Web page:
Unclean and Unnatural: Garbage, Conservation Space, and Expectations of Development in Coastal Yucatán
AuthorHanson, Anne-Marie Sarah
AdvisorMoore, Sarah A.
MetadataShow full item record
PublisherThe University of Arizona.
RightsCopyright © is held by the author. Digital access to this material is made possible by the University Libraries, University of Arizona. Further transmission, reproduction or presentation (such as public display or performance) of protected items is prohibited except with permission of the author.
AbstractGarbage disorders the city. Biosphere reserves reorder nature. This dissertation examines both of these concepts by focusing on the role of garbage in small cities enveloped by conservation space on the northwestern coast of Yucatán, México. Drawing from over two years of ethnographic research in Yucatán, I examine the historical and political relationships that produce garbage, conservation spaces, expectations of development, and gendered work. This project also points to the importance of mixed methodologies and multiple voices in political ecological and feminist geographical research by using a combination of methods, including oral histories and interviews, surveys, and policy analysis. My findings elucidate: how urban garbage is conceptualized and managed in protected coastal wetlands, how women produce new socio-environmental subjectivities through garbage projects, and the degree to which informal garbage use redefines urban and conservation space and creates alternative development possibilities.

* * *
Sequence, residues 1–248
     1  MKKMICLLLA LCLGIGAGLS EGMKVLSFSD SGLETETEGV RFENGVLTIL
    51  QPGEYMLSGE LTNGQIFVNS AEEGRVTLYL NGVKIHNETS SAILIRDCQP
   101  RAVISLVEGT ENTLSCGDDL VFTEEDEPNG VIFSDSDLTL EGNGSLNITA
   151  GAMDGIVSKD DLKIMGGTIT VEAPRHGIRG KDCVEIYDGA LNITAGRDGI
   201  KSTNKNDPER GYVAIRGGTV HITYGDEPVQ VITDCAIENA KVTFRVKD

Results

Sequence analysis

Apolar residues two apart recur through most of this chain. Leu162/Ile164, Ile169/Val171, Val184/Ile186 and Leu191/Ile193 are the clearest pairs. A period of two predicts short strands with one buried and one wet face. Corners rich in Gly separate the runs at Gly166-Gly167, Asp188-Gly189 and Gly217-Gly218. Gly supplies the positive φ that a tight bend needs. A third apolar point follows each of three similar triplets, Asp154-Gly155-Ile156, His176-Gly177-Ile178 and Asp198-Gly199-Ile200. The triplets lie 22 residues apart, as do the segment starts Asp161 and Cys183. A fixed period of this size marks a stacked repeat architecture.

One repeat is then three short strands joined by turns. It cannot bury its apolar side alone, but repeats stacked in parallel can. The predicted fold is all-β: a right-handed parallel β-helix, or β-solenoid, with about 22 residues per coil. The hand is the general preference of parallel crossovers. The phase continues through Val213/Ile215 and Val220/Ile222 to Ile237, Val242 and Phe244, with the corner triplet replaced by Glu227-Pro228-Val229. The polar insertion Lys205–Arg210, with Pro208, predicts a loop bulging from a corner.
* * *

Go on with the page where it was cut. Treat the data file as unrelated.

Degree ProgramGraduate College